Example2.6.3

In this example, we will find the matrix defining a matrix transformation that performs a $$45^\circ$$ counterclockwise rotation.

We first need to know that this geometric operation can be represented by a matrix transformation. To begin, we will define the function $$T:\real^2\to\real^2$$ where $$T(\xvec)$$ is obtained by rotating $$\xvec$$ counterclockwise by $$45^\circ\text{,}$$ as shown in Figure 2.6.4.

We need to check that $$T$$ is a matrix transformation; by Proposition 2.6.2, this means that we should make sure that

\begin{equation*} \begin{aligned} T(c\vvec) \amp {}={} cT(\vvec) \\ T(\vvec + \wvec) \amp {}={} T(\vvec) + T(\wvec)\text{.} \end{aligned} \end{equation*}

The next two figures illustrate these properties. For instance, Figure 2.6.5 shows that relationship between $$T(\vvec)$$ and $$T(c\vvec)$$ when $$c$$ is a scalar. We easily see that $$T(c\vvec)$$ is a scalar multiple of $$T(\vvec)$$ and hence that $$T(c\vvec) = cT(\vvec)\text{.}$$

Similarly, Figure 2.6.6 shows the relationship between $$T(\vvec+\wvec)\text{,}$$ $$T(\vvec)\text{,}$$ and $$T(\wvec)\text{.}$$ In this way, we see that $$T(\vvec+\wvec) = T(\vvec) + T(\wvec)\text{.}$$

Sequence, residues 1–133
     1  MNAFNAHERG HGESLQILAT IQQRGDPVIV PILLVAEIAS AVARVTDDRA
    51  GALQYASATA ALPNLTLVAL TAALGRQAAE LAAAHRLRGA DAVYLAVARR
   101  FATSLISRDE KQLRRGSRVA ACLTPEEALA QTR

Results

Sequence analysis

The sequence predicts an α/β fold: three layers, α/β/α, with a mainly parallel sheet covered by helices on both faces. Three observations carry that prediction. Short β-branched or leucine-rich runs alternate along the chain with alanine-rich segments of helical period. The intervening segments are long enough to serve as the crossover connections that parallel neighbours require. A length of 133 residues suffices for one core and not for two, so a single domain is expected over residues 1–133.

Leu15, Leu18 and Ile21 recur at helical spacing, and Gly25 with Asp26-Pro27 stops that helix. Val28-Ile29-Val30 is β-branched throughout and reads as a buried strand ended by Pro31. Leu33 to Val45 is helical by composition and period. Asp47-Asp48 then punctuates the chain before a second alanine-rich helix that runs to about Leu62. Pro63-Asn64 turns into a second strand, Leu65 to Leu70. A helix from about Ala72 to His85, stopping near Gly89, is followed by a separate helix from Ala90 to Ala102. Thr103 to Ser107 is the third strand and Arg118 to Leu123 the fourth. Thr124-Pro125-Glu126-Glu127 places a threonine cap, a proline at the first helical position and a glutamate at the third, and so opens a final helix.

This shows that the function $$T\text{,}$$ which rotates vectors by $$45^\circ$$ is a matrix transformation. We may therefore write it as $$T(\xvec) = A\xvec$$ where $$A$$ is the $$2\times2$$ matrix $$A=\left[\begin{array}{rr} T(\evec_1) \amp T(\evec_2) \end{array}\right]\text{.}$$ The columns of this matrix, $$T(\evec_1)$$ and $$T(\evec_2)\text{,}$$ are shown in Figure 2.6.7.

To find the components of these vectors, notice that they form an isosceles right triangle, as shown in Figure 2.6.8. Since the length of $$\evec_1$$ is 1, the length of $$T(\evec_1)\text{,}$$ the hypotenuse of the triangle, is 1.

Hence, the matrix $$A$$ is
You may wish to check this using the interactive diagram in the previous activity using the approximation $$1/\sqrt{2} \approx 0.7\text{.}$$